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Health, Education, Water and Sanitation Key to Uplifting Poor


A new report says health, education, water and sanitation are the keys to transforming the lives of poor people. OXFAM International says, “It is a scandal that anyone lives today without these most basic of human rights.” VOA’s Joe De Capua reports.

The report – In the Public Interest – says building strong public services should be “at the very heart of making poverty history.” Max Lawson is a senior policy advisor for OXFAM.

“The main thrust of OXFAM’s report is that in order to get every child in the world into school and basic health care, water and sanitation for all poor people, we need to see a massive expansion of public services in poor countries. We think that’s possible, but we need rich countries to step up to the plate and give the development aid that’s necessary to do this,” he says.

For example, Lawson says a lack of clean water in poor countries takes a terrible toll on the young.

“Our report shows that 6,000 children die every single day from diarrhea, which is a disease caused by dirty water. If we could get sanitation to everybody, which is quite affordable, quite possible, we could eliminate those terrible and completely unnecessary deaths each day,” he says.

The report says women, too, suffer greatly from the lack of public services.

Lawson says, “Women are the first to suffer when these public services – education, health, water and sanitation – are not available. They’re the ones that have to walk for miles every day to collect dirty water. It’s their children that get sick (and) they have to look after. Girl children aren’t able to go to school because they can’t afford the fees. Because education is still not free in a vast majority of poor countries.”

OXFAM also estimates that 1400 women die needlessly each day in pregnancy or childbirth.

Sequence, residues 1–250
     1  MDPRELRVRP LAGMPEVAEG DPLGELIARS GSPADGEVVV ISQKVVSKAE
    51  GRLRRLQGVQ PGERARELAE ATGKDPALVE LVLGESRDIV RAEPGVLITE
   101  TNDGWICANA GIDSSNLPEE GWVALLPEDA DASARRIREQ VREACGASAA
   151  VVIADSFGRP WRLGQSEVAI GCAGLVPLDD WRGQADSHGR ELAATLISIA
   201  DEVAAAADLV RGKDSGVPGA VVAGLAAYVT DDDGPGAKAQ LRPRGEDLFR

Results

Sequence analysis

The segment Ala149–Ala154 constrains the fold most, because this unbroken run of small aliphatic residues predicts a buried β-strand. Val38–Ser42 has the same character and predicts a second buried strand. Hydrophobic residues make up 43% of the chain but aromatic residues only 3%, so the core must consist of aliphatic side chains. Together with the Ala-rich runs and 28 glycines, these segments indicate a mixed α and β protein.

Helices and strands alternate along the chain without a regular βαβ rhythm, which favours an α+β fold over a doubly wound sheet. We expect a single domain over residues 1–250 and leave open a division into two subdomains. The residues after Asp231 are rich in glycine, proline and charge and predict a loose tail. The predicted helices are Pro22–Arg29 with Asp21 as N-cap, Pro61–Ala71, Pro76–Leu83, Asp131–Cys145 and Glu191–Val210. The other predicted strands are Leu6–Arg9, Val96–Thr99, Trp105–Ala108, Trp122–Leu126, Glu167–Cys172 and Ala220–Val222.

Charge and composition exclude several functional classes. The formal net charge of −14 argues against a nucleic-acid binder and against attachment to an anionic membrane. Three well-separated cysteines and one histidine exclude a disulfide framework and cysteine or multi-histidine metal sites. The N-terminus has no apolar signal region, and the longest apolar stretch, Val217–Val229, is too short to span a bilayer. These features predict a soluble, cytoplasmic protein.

The report says, “Developing countries will only achieve healthy and educated populations if their governments take responsibility for providing essential services.” But it also says they need help.

“We need rich countries to give more in foreign aid and to give better aid and support public services. We need the World Bank to stop pushing private sector solutions to public service failures. We think it’s about the public sector. It’s about governments taking the lead. And lastly, we need to see those poor country governments that aren’t doing enough to step up to the plate,” he says.

The report, Lawson says, is a plan for achieving the Millennium Development Goals. Those goals include getting all school age children in the classroom, reducing the number of women dying during childbirth and lowering the number of children who die by age five.

“If the Millennium Development Goals are not met it’s a terrible tragedy, literally a life and death promise. And if broken, millions will pay the price with their lives. This is something we can do; and we can do quite possibly for the first time in history. We’ve got enough money; we know how to do it. All we need is the world to act properly and quickly and we could reach these goals,” he says.

The OXFAM official says it’s “not just about charity, it’s about justice.” Something he says that would benefit rich nations in the long run.

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